Vikings arrived in Ireland when the population was in serious decline

Vikings arrived in Ireland when the population was in serious decline
Credit: Queen’s University Belfast

New research has found that the population of Ireland was in decline for almost 200 years before the Vikings settled.

The research from Queen's University Belfast's School of Natural and Built Environment is the first of its kind and has been published in the Journal of Archaeological Science.

Previously it was thought that the population of Ireland gradually increased over the years. However, the researchers have found that the population was in serious decline for almost two centuries before the Vikings migrated.

Using rigorous archaeological data science algorithms, the experts have released an estimate of past population numbers. The data shows the importance of migration as without the Vikings, the population decline could have been much worse.

Dr. Rowan McLaughlin, Research Fellow from the School of Natural and Built Environment, explains: "Millions of people lived in Ireland during prehistory and the earliest Christian times.

"Around the year 700, this population in Ireland mysteriously entered a decline, perhaps because of war, famine, plague or political unrest. However, there was no single cause or one-off event, as the decline was a gradual process."

He adds: "The Vikings settled in Ireland in the tenth century, during the phase of decline and despite being few in number, they were more successful than the 'natives' in expanding their . Today, suggests many Irish people have some Viking blood."

For the study, the researchers used a database of archaeological sites discovered during the "Celtic Tiger' years, when there was a boom in motorway building and other development in Ireland.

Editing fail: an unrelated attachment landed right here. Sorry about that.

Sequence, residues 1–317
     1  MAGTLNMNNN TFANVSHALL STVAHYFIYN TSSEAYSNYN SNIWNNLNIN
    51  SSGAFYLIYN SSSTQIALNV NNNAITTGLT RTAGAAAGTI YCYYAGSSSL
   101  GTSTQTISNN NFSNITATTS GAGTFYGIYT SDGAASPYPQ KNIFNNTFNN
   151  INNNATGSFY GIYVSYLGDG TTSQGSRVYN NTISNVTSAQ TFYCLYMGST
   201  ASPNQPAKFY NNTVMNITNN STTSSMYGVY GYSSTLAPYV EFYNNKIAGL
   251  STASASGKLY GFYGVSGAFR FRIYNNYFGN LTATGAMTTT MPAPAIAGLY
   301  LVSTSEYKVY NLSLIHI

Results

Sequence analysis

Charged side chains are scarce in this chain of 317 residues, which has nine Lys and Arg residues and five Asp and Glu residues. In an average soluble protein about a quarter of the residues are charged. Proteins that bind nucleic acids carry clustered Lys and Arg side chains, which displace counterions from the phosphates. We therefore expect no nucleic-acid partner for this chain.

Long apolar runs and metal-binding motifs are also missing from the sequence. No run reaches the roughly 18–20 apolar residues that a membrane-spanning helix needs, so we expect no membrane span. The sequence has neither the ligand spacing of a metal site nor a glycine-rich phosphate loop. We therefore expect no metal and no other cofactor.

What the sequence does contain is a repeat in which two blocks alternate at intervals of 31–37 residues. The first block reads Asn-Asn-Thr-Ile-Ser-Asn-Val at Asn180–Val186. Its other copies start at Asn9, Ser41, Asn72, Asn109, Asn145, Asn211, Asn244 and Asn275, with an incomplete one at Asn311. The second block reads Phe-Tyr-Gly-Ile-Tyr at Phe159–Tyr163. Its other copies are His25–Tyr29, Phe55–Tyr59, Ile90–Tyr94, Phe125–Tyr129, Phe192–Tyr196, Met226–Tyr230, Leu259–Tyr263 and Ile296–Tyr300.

Developers are required by law to employ archaeologists to record sites before they are destroyed. This allowed the researchers to access information that was not previously available.

Dr. McLaughlin commented: "This has opened up a completely new perspective on the past that we simply could not obtain any other way."

Emma Hannah is the lead author of the paper and is taking the work further with her Ph.D. research. She explains: "Often in archaeology we are focused on interpreting the evidence from a single site, but analyzing quantities of data in this way allows us to think about the long term. Now we know these broad trends, we can better understand the details of everyday life."

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Viking migration left a lasting legacy on Ireland's population

More information: Emma Hannah et al. Long-term archaeological perspectives on new genomic and environmental evidence from early medieval Ireland, Journal of Archaeological Science (2019). DOI: 10.1016/j.jas.2019.04.001
Citation: Vikings arrived in Ireland when the population was in serious decline (2019, August 22) retrieved 19 September 2019 from
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Aug 22, 2019
Unfortunately the full paper is pay-walled, so there's no easy way to check the the data or even the methodology. But I am not changing my view of the Viking invasions of Ireland until I see something more convincing.